Introduction

Purpose of this Report

Metrolinx, the transportation authority for the Greater Toronto and Hamilton Area has embarked on a $36-billion program of capital investment that it calls The Big Move. The program includes more than 30 schemes, ranging from new surface bus rapid transit lanes to subway construction. According to Metrolinx, The Big Move will:

  • double the number of transit riders by 2031, from 2.1 to 4.2 million per day (implying an increase in the share of GTHA commuters using transit from 26% to 39%);
  • reduce average daily commute times from 82 minutes today to 77 minutes.[1]

Metrolinx claims that without The Big Move, transit mode share would continue to fall and average commuting times would increase to 109 minutes per day as traffic congestion worsens.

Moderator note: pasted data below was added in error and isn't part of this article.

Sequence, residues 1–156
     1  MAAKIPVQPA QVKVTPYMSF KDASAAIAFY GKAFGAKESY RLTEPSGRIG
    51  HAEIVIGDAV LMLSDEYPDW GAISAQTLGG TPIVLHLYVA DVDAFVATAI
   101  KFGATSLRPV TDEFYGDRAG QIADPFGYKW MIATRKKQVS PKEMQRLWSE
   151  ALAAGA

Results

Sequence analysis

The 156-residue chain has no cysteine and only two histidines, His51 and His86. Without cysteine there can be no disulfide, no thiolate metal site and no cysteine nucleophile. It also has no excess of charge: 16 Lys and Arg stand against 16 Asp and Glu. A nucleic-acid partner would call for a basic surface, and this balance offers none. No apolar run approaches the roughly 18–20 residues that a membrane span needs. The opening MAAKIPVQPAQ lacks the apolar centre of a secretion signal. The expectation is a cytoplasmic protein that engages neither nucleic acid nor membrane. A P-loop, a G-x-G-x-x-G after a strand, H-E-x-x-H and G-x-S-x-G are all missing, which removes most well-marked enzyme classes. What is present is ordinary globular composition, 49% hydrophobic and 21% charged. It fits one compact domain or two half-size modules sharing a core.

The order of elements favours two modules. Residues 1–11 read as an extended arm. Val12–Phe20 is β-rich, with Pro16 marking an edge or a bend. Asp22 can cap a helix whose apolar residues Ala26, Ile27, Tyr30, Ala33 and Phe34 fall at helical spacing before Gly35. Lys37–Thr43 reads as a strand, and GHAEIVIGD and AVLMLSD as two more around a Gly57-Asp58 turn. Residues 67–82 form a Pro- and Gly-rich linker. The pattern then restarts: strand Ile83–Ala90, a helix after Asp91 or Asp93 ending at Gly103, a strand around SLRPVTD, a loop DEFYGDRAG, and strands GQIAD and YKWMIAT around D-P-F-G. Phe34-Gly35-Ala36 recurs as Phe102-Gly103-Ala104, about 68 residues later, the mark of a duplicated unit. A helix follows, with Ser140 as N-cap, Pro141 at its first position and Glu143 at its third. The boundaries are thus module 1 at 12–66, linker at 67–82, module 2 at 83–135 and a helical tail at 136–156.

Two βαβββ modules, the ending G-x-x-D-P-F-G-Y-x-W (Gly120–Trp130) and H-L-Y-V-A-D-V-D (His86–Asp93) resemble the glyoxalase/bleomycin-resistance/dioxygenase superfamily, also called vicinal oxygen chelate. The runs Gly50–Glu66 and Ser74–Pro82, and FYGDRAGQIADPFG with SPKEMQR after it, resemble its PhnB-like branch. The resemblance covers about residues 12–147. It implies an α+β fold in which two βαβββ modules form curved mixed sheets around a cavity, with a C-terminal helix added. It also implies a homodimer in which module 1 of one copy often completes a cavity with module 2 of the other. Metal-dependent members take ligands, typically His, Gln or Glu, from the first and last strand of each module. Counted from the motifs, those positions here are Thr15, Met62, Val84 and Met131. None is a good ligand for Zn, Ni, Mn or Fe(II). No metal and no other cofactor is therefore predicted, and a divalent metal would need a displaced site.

Metrolinx already has about $11 billion of “committed” funding, and has embarked on several of its “Top 15” schemes. It describes its plans as “aggressive, bold, and doable.” [2] It is now consulting on a variety of new regional taxes and charges to raise a further $25 billion to fund the “Next Wave” of projects.

This report is intended to answer the following questions:

  • Will the Big Move projects achieve the Metrolinx objective of doubling transit ridership?
  • Are these projects consistent with Metrolinx’s own “guiding principles”?
  • Are they well-designed, consistent with international best practice, and integrated with other transport infrastructure?
  • Will they support a shift of inter-regional travel onto transit?
  • Are there alternative, more effective schemes that should be considered?
  • What institutional changes would help Metrolinx produce better results?